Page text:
Nation leading technology will be used to develop and produce mRNA therapeutic drugs and vaccines in Adelaide, South Australia – creating more jobs and increasing Australia’s sovereign vaccine production capabilities.
Made possible through a $10 million funding initiative – co-funded equally by the Federal and South Australian Governments – the industry-leading pharmaceutical production facility BioCina will be a mRNA centre of excellence, to support the scale-up and production of therapeutic drugs and vaccines, within two years.
BioCina has already established capabilities to produce plasmids which are critical components of mRNA vaccines and a small-scale end-to-end mRNA process development laboratory, which is fully operational.
The funding will enable BioCina to begin manufacturing of mRNA to supply clinical trials, as well as scaling-up its facility to full commercial levels – creating 30 FTEs (not including construction roles) – including manufacturing mRNA at population volumes.
BioCina will tap into the University of Adelaide’s School of Chemical Engineering and Advanced Materials to progress world-leading innovation in precision medicine manufacturing technology and processes and implement them at the Adelaide site.
The joint investment from both State and Commonwealth governments underpins BioCina’s commitment to expanding the Adelaide site, strengthening a pillar of South Australia’s biomedical precinct, one of the largest in the Southern Hemisphere and a rapidly growing destination of choice of investment for health and medical manufacturers.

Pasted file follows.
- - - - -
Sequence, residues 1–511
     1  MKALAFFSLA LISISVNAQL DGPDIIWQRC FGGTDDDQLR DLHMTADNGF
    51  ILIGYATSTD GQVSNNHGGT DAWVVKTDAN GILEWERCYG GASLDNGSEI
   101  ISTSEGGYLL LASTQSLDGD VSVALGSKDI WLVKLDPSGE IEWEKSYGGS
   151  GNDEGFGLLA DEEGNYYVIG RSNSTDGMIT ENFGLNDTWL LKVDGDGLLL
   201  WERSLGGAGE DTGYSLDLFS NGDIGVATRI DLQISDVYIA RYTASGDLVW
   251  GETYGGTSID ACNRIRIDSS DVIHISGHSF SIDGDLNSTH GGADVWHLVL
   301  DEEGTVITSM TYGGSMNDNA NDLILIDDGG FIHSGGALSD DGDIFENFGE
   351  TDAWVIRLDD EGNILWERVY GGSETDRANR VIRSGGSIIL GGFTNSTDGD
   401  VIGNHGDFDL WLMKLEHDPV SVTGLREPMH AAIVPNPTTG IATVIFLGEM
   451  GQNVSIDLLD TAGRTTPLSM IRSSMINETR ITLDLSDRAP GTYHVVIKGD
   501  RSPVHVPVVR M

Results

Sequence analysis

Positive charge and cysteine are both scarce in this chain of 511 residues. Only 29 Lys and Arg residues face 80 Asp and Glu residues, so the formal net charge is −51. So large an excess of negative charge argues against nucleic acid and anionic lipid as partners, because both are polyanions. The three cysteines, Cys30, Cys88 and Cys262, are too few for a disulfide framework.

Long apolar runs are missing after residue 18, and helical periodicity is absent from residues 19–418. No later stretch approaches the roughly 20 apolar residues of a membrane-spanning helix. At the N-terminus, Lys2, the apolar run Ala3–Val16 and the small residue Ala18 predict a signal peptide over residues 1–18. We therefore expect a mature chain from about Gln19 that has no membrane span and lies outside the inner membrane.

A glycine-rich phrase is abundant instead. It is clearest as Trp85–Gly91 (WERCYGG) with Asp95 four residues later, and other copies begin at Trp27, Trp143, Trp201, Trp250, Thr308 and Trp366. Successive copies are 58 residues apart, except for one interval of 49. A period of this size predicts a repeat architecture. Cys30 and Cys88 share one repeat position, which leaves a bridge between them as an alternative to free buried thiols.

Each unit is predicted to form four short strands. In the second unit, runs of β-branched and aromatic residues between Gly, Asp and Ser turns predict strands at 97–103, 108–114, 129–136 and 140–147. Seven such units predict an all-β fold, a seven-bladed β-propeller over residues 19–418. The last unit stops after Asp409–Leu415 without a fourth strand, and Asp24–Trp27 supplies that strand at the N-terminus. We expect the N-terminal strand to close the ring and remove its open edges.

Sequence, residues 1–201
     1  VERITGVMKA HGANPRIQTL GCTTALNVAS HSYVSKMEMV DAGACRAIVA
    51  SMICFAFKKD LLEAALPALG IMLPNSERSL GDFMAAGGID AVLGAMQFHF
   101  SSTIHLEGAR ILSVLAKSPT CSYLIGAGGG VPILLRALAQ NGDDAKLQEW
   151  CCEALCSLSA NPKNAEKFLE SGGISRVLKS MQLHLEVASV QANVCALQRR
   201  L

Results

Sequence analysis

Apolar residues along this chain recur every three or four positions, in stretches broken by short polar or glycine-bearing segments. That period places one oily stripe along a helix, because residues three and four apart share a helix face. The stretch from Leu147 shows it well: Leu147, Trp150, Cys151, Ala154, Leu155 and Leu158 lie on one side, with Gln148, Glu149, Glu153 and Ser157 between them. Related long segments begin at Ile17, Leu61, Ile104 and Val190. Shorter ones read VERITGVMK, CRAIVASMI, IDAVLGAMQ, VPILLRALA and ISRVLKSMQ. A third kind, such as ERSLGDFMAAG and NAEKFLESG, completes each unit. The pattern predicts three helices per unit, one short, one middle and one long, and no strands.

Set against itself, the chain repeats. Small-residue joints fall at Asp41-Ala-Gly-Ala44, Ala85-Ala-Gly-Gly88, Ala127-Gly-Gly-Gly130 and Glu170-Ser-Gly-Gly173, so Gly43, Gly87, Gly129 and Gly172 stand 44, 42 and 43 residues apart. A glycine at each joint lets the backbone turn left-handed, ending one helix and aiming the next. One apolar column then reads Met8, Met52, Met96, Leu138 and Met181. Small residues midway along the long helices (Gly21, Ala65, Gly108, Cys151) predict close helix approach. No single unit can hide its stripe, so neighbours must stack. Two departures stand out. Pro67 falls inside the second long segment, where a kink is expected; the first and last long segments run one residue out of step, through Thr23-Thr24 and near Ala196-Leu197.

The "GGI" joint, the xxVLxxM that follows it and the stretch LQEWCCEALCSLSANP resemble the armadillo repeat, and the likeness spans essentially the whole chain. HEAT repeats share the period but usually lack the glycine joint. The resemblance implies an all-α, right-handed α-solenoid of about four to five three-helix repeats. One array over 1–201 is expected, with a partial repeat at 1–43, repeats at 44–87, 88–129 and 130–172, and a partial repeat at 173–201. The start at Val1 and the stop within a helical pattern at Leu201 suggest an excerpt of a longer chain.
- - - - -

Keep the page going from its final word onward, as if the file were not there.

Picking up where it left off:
The $10 million of funding is being provided through the Commonwealth’s Modern Manufacturing Initiative and South Australia’s Department for Trade and Investment.
“This funding aims to deliver two complementary outcomes,” said BioCina’s CEO, Mark W. Womack. “The first is an increase in mRNA manufacturing and associated analytical capability at BioCina, and the second is a microfluidics-based device for parallel manufacture at the small scales required for the personal therapeutic vaccines market.
“This will increase BioCina’s capacity to produce mRNA pharmaceuticals, including vaccines, from initial fermentation of DNA plasmids to formulated mRNA-Lipid Nanoparticle (LNP) complexes for administration in clinical trials.
“BioCina is unique in Australia, and these investments will bring critical, missing clinical and commercial manufacturing capabilities to the national RNA ecosystem,” Continued Mr Womack.
“Projects such as this, highlight Australia’s opportunity to leverage BioCina’s strengths in development, manufacturing and innovation, to drive commercialisation and globally competitive local manufacturing.”
BioCina will have the capacity to work with researchers and biotech companies to develop and contract manufacture of the next generation of mRNA vaccines for diseases such as Malaria, Tuberculosis, Zika, Hepatitis B, HIV, Rabies, Influenza, Cystic Fibrosis and even Cancer.
In the coming years, manufacturing will see the development of a raft of other vaccines, which are currently approaching, moving through or completing clinical trials for other infectious diseases.
The global market for mRNA therapeutics is expected to grow from $46.7 billion in 2021 to $101.3 billion by 2026
mRNA: Therapeutics and Global Markets 2021-2026 (September 2021).